A photo of Samhitha, a tutor from University of Minnesota-Twin Cities

Samhitha

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My love for school started early, and by the time I reached high school, I knew I wanted to challenge myself academically. I graduated from my high school in Omaha, NE after finishing the International Baccalaureate diploma path with focuses in French, Psychology and Film.

I moved to Minneapolis in 2012 and graduated from the University of Minnesota - Twin Cities with a B.S. in Psychology, a B.A. in Global Studies, and a minor in Public Health.

I first came into teaching through an internship I had while studying abroad. I lived in Montpellier, France for six months and during this time, I taught English to classes of 6-10 year olds at a small public school. In the classroom, I was forced to create engaging and fun lesson plans to keep the students on their toes, and I realized just how much I love teaching.

I am currently an Americorps member working at College Possible, a Minnesota-based nonprofit organization. College Possible aims to help low-income students with academic potential access the resources they need to enter and succeed in college. I teach 40 students at two high schools College Possible's curriculum, which focuses on ACT prep, college applications, and scholarship research. I am planning on staying at College Possible next year and work with the same group of students as high school seniors. My students have built a community for themselves and it has been a truly incredible experience watching them grow together and become invested in one another's achievements.

Varsity Tutors is an opportunity for me to stay involved in the subjects I loved most as a student. I look forward to working with you!

Samhitha’s Qualifications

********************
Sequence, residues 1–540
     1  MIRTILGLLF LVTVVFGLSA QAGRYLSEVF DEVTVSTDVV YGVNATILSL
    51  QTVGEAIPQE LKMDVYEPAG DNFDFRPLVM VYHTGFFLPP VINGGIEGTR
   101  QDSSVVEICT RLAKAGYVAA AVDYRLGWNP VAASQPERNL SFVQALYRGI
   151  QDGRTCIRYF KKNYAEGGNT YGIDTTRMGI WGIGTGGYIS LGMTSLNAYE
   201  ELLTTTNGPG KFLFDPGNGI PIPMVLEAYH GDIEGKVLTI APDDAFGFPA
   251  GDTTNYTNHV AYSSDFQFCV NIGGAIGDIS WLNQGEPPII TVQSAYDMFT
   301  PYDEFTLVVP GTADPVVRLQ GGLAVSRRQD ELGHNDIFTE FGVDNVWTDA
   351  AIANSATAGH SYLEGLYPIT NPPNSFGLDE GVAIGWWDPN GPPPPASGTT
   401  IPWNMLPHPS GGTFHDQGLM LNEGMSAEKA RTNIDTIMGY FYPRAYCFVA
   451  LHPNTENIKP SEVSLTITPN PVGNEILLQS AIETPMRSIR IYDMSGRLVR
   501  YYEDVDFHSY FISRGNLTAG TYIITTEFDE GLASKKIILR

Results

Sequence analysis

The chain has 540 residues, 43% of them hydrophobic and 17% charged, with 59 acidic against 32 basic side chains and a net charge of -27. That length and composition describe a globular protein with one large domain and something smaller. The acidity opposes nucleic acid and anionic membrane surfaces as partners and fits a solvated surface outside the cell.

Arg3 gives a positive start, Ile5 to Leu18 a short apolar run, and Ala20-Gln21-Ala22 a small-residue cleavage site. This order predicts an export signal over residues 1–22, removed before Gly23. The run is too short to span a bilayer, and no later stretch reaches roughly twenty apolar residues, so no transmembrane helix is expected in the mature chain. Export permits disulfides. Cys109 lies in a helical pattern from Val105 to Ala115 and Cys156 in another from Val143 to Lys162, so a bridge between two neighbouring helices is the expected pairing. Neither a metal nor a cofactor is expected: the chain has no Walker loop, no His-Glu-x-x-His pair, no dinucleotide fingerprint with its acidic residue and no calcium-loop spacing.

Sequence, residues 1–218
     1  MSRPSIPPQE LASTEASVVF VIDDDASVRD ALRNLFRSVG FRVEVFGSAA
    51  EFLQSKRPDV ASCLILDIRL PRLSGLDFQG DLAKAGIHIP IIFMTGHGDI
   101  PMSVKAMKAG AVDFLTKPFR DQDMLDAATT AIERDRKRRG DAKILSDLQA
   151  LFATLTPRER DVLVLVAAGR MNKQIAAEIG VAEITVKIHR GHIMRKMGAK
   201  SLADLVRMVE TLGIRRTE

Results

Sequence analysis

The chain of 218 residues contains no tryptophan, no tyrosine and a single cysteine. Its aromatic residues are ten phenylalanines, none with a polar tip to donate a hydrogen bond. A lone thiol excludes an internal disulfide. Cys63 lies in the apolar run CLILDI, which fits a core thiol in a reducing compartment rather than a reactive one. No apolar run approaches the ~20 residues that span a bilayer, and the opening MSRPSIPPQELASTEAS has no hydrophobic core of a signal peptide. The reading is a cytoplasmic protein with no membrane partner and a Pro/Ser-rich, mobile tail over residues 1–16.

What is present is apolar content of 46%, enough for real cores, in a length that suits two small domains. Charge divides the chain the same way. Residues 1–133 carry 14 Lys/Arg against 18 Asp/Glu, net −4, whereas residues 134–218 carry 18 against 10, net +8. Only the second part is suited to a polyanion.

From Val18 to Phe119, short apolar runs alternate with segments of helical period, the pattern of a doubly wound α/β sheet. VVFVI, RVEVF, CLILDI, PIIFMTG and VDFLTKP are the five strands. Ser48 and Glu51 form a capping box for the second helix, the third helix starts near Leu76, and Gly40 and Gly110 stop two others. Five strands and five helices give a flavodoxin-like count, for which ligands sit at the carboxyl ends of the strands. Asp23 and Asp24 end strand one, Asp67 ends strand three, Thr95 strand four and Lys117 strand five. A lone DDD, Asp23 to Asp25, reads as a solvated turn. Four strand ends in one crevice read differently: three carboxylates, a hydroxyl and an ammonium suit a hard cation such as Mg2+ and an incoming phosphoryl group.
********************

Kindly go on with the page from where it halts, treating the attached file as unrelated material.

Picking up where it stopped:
Education & Certification

Undergraduate Degree: University of Minnesota-Twin Cities - Bachelors, Psychology B.S. / Global Studies B.A.

Test Scores

ACT Composite: 33

Hobbies

Reading anything from fiction to race / queer theory. Cooking. Photography. Astronomy / deep space.

Tutoring Subjects


Q & A

What is your teaching philosophy?

"Students won't care how much you know until they know how much you care." In my experience, linking myself with the success and goals of the student (not just their academic merit) is the best way to have a student engage with the content presented.

What might you do in a typical first session with a student?

Get to know each other! It's important to me that a student knows where I'm coming from, and I need to know their goals as well. Building a strong relationship with my student will ensure that our time together is valuable.

How can you help a student become an independent learner?

I want to help show students that they have a stake in the subjects that they are learning about. Showing students relevant aspects of each subject matter and connecting it with skills that they will use forever can help encourage students to be autonomous, lifelong learners.

How would you help a student stay motivated?

Take breaks! I recognize that constant work without breaks or validation can be difficult, so I want to make sure to take time off to focus on what my student is doing well to re-motivate them. Additionally, in our first meeting, I would have students write a letter to themselves about why they want to work with me and what they hope to gain from the experience. I would return this letter to the student if I saw them struggling to remind them of their goals.

If a student has difficulty learning a skill or concept, what would you do?

I would look for alternate methods to present the materials. I recognize that students have a vast variety of learning styles and what works best for me might not be completely compatible with my students. I'm willing to be flexible in incorporating outside resources as well as student successes in the past in order to master tricky material.

How do you help students who are struggling with reading comprehension?

I encourage autonomous learning through reading on their own time. I would love to take some time to curate a reading list of books in subjects that my student would be interested in. While reading, I would encourage students to make a list of words that they struggle with so we can look them up together. Extending their vocabulary should help students with reading comprehension.

What strategies have you found to be most successful when you start to work with a student?

I believe deeply in a strong connection with my students. I plan to learn about what learning styles work best for my students and incorporate them intentionally into each lesson plan.

How would you help a student get excited/engaged with a subject that they are struggling in?

I would try to make connections to subjects that my students are interested in. I recognize that not every subject can be constantly engaging, but I think having a personal investment in individual subjects can re-frame the way a student thinks about it.